Category: Seattlepi.com featured stories
It's just weeks away from the February 12 opening ceremonies for the 2010 Winter Olympics. Whether you miraculously manage to book last-minute accommodations or just head north for the day, you can still experience the Olympics, even without a ticket to a single competition. Attend medal ceremonies, take part in multicultural festivities and party at celebration sites, where you’ll find interactive exhibits, food sampling and huge big-screen televisions that will broadcast live, sold-out events, such as hockey games. Many events are free—meaning you may have enough Loonies (the affectionate name for the Canadian $1 coin) in your wallet to bring home an official souvenir. This is the closest Seattle may ever get to an Olympics in our lifetime, after all, so take our insider’s guide along to get the most out of it.
STILL SCRAMBLING FOR TICKETS?
You don’t have a ticket, competitions are all sold out, and you think you’re out of luck, eh? Take heart, you still have a chance. The Vancouver Organizing Committee (VANOC) has an official fan-to-fan resale site (vancouver2010.com), where tickets will be authenticated and guaranteed before being sold. Be wary of unauthorized, secondary markets such as Craigslist and eBay. VANOC is cracking down on scammers by invalidating tickets proven to have been scalped. This will target big offenders and not the average Joe, but don’t get caught in the middle and have your Olympic dreams taken away!
DRIVE: WHAT YOU NEED TO KNOW ABOUT GETTING TO THE WHISTLER GAMES
Getting across the border may be the biggest challenge for Seattleites who want to visit Vancouver during the Games. But there is another challenge for those who want to view the ski jumping or bobsled races at Whistler. Anyone traveling to Whistler on the Sea to Sky Highway (also known as Highway 99) between 6 a.m. and 6 p.m. for the duration of the Games needs a pass to get through a checkpoint that will be located just beyond Squamish. Hotels are issuing a Traffic Checkpoint permit to their confirmed guests, which basically says, “I have a place to park my car.” No permit? Better stay home or take the bus. For bus info and other transportation details, go to whistlerblackcomb.com/olympics/.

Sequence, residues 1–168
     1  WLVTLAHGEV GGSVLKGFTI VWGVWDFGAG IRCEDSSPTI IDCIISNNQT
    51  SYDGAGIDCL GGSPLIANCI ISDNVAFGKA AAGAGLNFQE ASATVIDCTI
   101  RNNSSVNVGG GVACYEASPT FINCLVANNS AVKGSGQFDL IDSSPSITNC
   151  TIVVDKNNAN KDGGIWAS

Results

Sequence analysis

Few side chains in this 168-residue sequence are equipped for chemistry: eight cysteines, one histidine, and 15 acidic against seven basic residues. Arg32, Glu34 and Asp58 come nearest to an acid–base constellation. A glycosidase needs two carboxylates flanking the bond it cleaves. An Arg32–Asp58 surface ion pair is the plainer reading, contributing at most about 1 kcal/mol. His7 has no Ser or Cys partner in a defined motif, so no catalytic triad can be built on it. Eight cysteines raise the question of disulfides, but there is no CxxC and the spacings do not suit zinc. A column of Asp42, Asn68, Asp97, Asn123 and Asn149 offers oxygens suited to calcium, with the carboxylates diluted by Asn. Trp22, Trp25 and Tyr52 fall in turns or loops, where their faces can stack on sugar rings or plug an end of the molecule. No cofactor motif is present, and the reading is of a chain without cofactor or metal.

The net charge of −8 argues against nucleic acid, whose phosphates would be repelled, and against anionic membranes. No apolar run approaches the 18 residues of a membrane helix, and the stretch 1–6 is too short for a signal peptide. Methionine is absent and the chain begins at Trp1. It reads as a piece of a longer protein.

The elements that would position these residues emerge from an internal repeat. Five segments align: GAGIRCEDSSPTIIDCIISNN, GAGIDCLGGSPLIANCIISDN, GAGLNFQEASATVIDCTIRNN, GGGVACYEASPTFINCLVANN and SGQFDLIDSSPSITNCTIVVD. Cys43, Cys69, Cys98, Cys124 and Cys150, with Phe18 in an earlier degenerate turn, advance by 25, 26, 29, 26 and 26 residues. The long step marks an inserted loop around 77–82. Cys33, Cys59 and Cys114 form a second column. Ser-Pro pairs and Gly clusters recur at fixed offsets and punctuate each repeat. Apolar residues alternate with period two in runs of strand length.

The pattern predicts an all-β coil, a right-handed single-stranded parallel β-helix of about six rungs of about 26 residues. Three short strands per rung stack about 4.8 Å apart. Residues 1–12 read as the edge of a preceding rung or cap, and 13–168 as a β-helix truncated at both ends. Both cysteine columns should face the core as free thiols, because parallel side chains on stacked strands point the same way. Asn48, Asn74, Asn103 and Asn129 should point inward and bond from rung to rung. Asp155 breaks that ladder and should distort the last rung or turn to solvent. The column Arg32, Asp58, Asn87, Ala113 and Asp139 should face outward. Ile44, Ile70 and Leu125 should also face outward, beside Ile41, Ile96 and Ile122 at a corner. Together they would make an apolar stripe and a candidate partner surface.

PLAY: OLYMPIC CELEBRATION SITES
Live City Downtown
and Live City Yaletown
These two sites—at the former bus depot at Georgia and Beatty streets, and in David Lam Park, respectively—will be connected by pedestrian thoroughfares on Hamilton and Mainland streets. The Yaletown site is expected to be an especially spectacular location. Nightly at 11 p.m., local fire pumps will spray water from False Creek into the air, which will then be illuminated by a light show. Celebrations will continue at the Live City Downtown site during the Paralympic Winter Games.
Robson Square Plaza
and GE Plaza
Once the Games begin, Robson Square Plaza (on Robson Street between Howe and Hornby) will host the International Media Centre and as well as Showcase B.C., which will offer exhibits highlighting British Columbia’s history, scenery and resources. State-of-the-art screens will broadcast live Olympic events, and the public can also take a spin on the new GE Plaza Ice Rink, which will open in November (free; skate rentals available).
The O Zone
This official site in the heart of Richmond (and a short walk from the Olympic Oval, the venue for speed skating competitions) will host nightly celebrations, an outdoor ice rink (free; skate rentals available) and the Ice Gate, which will showcase giant sheets of ice painted by renowned artist Gordon Halloran, creator of the ice art for the 2006 Tor